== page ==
At that point a better paper title would have been "Increasing buffers or optimizing application syscalls to receive 10 GB/s of data" as it has nothing to do with achieving reliable UDP transmission, which it doesn't even seem they needed:
"For some detector readout it is not even evident that guaranteed delivery is necessary. In one detector prototype we discarded around 24% of the data due to threshold suppression, so spending extra time making an occasional retransmission may not be worth the added complexity"
As far as actual reliable UDP testing at high speeds one might also want to consider the test scenario as not all Ethernet connections are equal. The 2 meter passive DACs used in this probably achieve ~10^-18 bit error rate (BER) or 1 bit error in every ~100 petabytes transferred. On the other hand go optical even with forward error correction (FEC) it's not uncommon to expect transmission loss in the real world. E.g. looking at something a little more current https://blogs.cisco.com/sp/transforming-enterprise-applicati... is happy to call 10^-12 with FEC "traditionally considered to be 'error free'" which would have likely resulted in lost packets even in this 400 GB transfer test (though again they were fine with up to 24% loss in some cases so I don't think they were worried about reliable as much as reading the paper title would suggest).
Generally if you have any of these:
1) unknown congestion
2) unknown speed
3) unknown tolerance for error
You'll have to do something that eats CPU time and massive amounts of buffers for reliability. If you need the best reliability you can get but you don't have the luxury of retransmitting for whatever reason then as much error correction in the upper level protocol as you can afford from a CPU perspective is your best bet.
If you want to see a modern take on achieving reliable transmission over UDP check out HTTP/3.
> ... If you want to see a modern take on achieving reliable transmission over UDP check out HTTP/3.
Not an expert but I have seen folks here complain that QUIC / HTTP3 doesn't have a proper congestion control like uTP (BitTorrent over UDP) does with LEDBAT: https://news.ycombinator.com/item?id=10546651
sysctl -w net.core.rmem_max=12582912
sysctl -w net.core.wmem_max=12582912
sysctl -w net.core.netdev_max_backlog=5000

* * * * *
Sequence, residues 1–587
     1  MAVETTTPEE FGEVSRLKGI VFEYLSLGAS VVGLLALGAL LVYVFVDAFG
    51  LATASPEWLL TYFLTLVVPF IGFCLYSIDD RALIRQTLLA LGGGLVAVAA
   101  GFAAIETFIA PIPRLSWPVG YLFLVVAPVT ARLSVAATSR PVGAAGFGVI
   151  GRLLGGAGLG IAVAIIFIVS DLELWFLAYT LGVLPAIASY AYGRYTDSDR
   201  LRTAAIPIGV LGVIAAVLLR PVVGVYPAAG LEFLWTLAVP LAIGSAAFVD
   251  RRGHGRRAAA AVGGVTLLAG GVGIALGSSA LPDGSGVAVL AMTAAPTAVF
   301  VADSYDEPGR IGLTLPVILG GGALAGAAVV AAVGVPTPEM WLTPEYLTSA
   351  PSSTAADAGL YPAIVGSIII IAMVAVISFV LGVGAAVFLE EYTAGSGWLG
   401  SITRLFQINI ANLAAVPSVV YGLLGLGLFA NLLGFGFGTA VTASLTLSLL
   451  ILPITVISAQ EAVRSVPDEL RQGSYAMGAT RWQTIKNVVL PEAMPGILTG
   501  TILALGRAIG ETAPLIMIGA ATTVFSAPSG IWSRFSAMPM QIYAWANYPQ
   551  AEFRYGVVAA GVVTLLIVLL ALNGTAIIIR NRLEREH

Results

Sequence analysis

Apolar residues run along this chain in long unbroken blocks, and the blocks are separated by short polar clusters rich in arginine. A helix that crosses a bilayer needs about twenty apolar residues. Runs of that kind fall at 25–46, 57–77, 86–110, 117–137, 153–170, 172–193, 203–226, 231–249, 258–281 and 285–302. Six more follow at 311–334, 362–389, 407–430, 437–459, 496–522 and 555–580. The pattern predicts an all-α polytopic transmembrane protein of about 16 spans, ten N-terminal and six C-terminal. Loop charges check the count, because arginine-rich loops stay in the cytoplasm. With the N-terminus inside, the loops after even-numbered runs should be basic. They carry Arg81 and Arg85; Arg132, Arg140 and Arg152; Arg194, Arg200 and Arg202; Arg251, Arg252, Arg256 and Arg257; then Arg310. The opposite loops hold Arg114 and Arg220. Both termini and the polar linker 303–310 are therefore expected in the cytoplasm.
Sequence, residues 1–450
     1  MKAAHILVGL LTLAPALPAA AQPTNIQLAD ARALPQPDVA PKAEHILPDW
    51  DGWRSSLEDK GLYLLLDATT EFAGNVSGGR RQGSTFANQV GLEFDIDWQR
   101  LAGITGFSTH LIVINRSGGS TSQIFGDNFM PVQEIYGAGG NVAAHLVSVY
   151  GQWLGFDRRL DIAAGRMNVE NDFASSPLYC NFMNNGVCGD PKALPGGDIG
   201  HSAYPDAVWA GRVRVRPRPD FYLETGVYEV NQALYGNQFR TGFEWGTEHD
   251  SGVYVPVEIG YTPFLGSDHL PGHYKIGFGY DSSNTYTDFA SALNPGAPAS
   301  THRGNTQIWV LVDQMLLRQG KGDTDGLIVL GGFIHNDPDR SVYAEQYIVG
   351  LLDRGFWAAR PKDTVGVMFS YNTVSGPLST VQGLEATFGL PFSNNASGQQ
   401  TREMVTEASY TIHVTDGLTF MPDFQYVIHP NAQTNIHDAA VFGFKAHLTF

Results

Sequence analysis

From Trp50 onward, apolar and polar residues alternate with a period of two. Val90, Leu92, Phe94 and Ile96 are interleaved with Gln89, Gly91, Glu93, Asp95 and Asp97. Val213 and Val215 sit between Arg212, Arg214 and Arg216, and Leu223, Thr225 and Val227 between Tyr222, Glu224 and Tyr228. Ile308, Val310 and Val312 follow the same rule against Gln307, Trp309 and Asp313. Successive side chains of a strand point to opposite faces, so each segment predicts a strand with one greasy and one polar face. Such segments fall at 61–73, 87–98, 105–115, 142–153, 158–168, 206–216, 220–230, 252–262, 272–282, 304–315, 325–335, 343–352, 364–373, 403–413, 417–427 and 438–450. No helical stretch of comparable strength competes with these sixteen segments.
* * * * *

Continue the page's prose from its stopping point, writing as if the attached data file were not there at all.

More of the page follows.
ifconfig eno49 mtu 9000 txqueuelen 10000 up
I only see them referencing having increased socket buffers, which then lead - in combination with the available (and non-congested) network bandwidth and their app sending behavior - to no transmission errors. As soon as you change any of those parameters it seems like the system would break down, and they have absolutely no measures in place to "make it reliable".
The right answer still seems: Implement a congestion controller, retransmits, etc. - which essentially ends up in implementing TCP/SCTP/QUIC/etc
Retransmit-based systems are probably unusable in this application, even over the short hop the bandwidth-delay product is probably much bigger than the buffer on the sensor. The only case where retransmit would be happen is receiver buffer overflow, which is catastrophic: the retransmit would cause even more overflow.
If you had to fix random packet loss in a system like this you wouldn't want to use retransmission, you'd need to do FEC.
I think the paper meant "reliable" in a different way than most would take "reliable" to mean on a paper about networking similar to if someone created a paper about "Achieving an asynchronous database for timekeeping" and spent a lot of time talking about databases in the paper but it turns out by "asynchronous" they meant you could enter your hours at the end of the week rather than the moment you walked in/out of the door.
I just meant 'reliable is a spectrum'...
This does seem to be a technical term with a defined meaning that matches my assumption too: https://en.wikipedia.org/wiki/Reliability_(computer_networki...
>"In addition UDP also supported on a variety of small hardware platforms such as Digital Signal Processors (DSP) Field Programmable Gate Arrays (FPGA)"
I am curious what would be the use case for implementing a network stack and using UDP directly in a DSP chip? Perhaps I have a very narrow understanding of DSPs.